Troubleshooting high PGA memory allocations which escalated in ORA-04036 error. High memory consuption was related to a parsing problem. Continue Reading
If your data model forsees storing “current” and “historical” rows in the same table, there is a chance that there will be queries doing self-joins drived by the “current” rows. This model can give rise to wrong join cardinality estimates applied on skewed data distributions. The more emphasized the skew is, the larger is the error. Table partitioning turns out to be a good solution in such cases. Continue Reading
This blog post describes how the calculation of new density has modified with the introduction of hybrid histograms in Oracle 12c. Continue Reading
In 12c the parameter options was introduced in gather_table_stats. Unfortunately, it doesn’t work as expected. Continue Reading
Disjunctive subqueries are the subqueries which are applied to the or operator. Alternatively, these queries can be rewritten to use the union all operator which may be a more efficient way to retrieve the records from the database. This blog post compares the efficiency of SQL Server and Oracle optimizer when dealing with the transformations of disjunctive subqueries.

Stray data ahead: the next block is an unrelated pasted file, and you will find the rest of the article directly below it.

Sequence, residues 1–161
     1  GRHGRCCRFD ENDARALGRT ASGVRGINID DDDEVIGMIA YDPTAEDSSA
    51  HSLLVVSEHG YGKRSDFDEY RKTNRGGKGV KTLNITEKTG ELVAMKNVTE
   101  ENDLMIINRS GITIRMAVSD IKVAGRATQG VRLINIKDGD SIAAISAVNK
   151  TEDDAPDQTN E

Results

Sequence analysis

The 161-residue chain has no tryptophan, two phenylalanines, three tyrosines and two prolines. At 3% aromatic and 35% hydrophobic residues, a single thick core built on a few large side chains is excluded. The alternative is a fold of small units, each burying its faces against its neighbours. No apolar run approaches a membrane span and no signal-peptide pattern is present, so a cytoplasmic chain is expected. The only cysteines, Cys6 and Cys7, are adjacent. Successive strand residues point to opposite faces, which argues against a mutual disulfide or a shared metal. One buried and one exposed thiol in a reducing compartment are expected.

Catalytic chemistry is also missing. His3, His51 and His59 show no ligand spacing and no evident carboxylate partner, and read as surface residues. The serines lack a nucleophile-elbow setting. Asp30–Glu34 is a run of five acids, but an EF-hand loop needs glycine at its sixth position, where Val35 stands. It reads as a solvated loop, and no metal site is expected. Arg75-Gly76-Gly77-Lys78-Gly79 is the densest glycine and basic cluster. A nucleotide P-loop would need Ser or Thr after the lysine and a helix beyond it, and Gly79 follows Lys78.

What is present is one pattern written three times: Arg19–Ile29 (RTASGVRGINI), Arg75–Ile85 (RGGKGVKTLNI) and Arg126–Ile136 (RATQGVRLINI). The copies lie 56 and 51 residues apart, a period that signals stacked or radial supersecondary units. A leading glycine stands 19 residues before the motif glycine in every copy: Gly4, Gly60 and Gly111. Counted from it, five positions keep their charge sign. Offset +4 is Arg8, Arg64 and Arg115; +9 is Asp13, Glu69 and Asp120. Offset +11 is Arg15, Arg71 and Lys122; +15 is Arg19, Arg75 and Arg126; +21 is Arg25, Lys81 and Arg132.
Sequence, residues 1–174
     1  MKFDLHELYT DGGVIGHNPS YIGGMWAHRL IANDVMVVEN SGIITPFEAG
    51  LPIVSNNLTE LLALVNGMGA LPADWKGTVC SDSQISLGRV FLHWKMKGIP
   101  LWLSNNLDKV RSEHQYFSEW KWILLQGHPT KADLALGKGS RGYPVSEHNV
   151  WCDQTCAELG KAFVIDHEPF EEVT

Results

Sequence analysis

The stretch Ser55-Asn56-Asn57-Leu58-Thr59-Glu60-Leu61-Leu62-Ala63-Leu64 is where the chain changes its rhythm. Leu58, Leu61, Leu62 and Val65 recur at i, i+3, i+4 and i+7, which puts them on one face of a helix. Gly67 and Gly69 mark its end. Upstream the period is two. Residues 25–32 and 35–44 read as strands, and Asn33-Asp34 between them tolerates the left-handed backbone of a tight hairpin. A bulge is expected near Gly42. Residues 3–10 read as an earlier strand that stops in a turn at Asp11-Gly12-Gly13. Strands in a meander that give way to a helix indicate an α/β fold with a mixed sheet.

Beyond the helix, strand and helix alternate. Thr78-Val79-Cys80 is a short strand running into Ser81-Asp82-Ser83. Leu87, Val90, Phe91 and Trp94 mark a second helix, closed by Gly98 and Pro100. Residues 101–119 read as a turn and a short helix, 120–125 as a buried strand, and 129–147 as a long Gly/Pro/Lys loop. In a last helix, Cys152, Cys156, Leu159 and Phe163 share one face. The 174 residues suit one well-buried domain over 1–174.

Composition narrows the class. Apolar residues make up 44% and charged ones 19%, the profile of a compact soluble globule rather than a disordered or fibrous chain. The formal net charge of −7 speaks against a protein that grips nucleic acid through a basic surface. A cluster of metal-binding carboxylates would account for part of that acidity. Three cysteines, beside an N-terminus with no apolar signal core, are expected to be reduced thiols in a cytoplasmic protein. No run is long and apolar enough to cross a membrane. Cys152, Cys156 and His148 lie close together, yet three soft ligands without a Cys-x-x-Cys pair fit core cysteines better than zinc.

Excessive query parsing time with extended events and long in lists were observed on a 12c database. As a workaround set the undocumented parameter _optimizer_extended_stats_usage_control to 224. Continue Reading
The purpose of this post is to warn of an edge case where the cardinality estimate might significantly increase after adding a conjunctive filter predicate. This problem might arise in Oracle 12c due to sql plan directives on partitioned tables when there is a value which is rare in one partition, but appears frequently in other partitions. Continue Reading
Temp temporary transformation is the operation in the execution plan where Oracle stores the subquery results in a temporary table. Cardinality estimates can get different if the temp table transformation is used in Oracle 12c. The purpose of this post is to explain why this happens. Continue Reading